This case is a civil case at federal level. This decision was the second time that the U.S. Supreme Court ruled an act of Congress unconstitutional. A slave named Dred Scott to sue for his freedom because his owner had taken him to stay for many years in a territory declared free of slavery by Congress. Pro-Southern Chief Justice Roger B. Taney ruled that as a slave, Scott had no right to sue in federal court and that temporary residence in a free state did not make a slave free, and that the Missouri Compromise (1820) had been unconstitutional because Congress did not have the power to exclude slavery from any territory because it violated the Fifth Amendment by taking “property”. This decision increased the tension between the North and the South and lead to the Civil War.

 

QUESTIONS B:

B1.   Is this a civil or criminal case and at what level was it filed?

B2.   Why is this case very important?

B3.   Who was the Chief Justice and what did he rule unconstitutional?

B4.   Name the plaintiff and the defendant. 

 

 

C. Plessy v. Ferguson (1896) SB Ch. 5 p.100

 

Plessy was convicted in Louisiana state court of violating a Jim Crow state law that required separate facilities for people of different races on trains in Louisiana.  Plessy claimed that the law was unconstitutional under the Civil War Amendments, Thirteen, Fourteen and Fifteen, passed after 1865 when Lincoln died and the Civil War ended.  He felt that the “equal protection of the laws” clause of the Fourteenth Amendment protected him.  In an 8 to 1 decision, the majority of U.S. Supreme Court members decided that “separate but equal facilities were constitutional under the “equal protection clause” of the Fourteenth Amendment.  This decision established the precedent that protected laws and customs requiring segregation by race in public facilities until this decision was overturned in 1954 in Board of Education of Topeka, Kansas.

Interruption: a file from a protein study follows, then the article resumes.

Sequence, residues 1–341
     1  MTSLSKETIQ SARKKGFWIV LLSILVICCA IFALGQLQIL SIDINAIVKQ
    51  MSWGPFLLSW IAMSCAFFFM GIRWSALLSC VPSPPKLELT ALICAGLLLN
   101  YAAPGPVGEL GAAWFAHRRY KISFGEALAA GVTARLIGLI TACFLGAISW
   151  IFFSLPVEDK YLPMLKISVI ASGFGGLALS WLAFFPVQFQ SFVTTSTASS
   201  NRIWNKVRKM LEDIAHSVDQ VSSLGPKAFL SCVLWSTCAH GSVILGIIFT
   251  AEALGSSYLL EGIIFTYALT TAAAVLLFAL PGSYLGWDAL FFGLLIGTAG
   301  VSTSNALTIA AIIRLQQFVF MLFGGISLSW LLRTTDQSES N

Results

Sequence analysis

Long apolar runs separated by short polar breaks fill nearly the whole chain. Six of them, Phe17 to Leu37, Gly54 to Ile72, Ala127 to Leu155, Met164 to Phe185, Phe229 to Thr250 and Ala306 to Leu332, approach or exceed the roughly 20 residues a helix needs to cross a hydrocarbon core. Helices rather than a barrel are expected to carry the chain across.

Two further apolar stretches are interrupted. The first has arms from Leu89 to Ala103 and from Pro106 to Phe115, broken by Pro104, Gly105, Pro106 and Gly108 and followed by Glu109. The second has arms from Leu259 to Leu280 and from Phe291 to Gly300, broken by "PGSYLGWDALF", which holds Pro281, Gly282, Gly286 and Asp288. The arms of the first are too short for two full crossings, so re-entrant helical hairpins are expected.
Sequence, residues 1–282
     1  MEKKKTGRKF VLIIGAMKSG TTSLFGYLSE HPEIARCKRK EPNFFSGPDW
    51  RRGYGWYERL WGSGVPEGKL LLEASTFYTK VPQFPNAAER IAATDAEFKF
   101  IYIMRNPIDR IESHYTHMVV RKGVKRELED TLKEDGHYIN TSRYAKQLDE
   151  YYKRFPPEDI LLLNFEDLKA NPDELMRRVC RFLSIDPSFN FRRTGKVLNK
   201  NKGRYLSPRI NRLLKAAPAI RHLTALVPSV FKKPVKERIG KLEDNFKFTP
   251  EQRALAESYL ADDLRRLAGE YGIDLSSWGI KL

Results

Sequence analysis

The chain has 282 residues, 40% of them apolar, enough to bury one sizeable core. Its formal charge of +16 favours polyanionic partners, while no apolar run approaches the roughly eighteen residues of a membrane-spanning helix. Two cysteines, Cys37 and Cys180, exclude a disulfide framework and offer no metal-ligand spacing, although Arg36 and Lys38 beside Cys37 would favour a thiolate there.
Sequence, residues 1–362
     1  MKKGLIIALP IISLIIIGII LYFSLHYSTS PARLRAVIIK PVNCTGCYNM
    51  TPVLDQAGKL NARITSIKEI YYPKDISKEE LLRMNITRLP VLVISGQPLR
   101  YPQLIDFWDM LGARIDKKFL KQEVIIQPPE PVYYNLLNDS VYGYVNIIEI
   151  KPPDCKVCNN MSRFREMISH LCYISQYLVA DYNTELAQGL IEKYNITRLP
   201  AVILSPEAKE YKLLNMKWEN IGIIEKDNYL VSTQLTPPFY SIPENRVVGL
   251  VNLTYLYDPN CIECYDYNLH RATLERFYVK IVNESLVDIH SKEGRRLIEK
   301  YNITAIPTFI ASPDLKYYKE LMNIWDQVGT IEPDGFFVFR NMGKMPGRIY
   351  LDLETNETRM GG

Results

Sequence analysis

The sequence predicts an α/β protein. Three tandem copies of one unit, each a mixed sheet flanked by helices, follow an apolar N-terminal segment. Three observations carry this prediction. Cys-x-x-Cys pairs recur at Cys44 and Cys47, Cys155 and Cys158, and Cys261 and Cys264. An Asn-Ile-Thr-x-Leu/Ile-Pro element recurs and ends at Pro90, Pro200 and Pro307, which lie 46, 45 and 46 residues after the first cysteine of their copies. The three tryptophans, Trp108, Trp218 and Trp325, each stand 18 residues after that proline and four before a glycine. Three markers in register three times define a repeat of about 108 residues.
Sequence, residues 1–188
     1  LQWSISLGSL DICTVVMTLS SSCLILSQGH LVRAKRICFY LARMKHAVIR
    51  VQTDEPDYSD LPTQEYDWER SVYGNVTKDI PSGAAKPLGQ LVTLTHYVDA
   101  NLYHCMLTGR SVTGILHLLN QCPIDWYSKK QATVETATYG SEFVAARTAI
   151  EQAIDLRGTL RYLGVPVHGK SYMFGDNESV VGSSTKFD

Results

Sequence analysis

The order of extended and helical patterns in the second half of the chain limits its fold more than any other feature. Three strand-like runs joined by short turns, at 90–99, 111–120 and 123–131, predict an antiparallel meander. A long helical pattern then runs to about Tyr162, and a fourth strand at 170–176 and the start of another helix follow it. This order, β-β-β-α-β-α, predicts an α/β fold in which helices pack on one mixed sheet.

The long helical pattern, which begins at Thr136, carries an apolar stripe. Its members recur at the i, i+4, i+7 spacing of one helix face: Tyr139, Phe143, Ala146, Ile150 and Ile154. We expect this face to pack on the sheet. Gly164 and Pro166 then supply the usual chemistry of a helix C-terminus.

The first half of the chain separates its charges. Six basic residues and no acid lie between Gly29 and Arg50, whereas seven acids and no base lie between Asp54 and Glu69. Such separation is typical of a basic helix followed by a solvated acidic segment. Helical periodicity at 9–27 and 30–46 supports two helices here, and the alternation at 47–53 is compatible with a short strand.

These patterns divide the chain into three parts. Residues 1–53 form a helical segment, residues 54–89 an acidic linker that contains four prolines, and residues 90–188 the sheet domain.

QUESTIONS C:

C1.     What was the name of the plaintiff?

C2.     Who was the defendant in Plessy v. Ferguson?

C3.     Did this case begin under criminal or civil law?

C4.     What Constitutional amendments did Plessy claim protected him?

C5      After what year were the amendments passed?

C6.     What war ended in that year?

C7.     What president died in that year?

C8.     What amendment includes the words “equal protection of the laws”?

C9.     What precedent was established by Plessy v. Ferguson?  

C10.   What was required by the Jim Crow laws allowed under the precedent?

C11.   In what year was the precedent established by Plessy v. Ferguson overturned?

C12.   In what case was the precedent overturned?

 

 

D. Brown v. Board of Education of Topeka, Kansas (1954) SB Ch. 5 p.102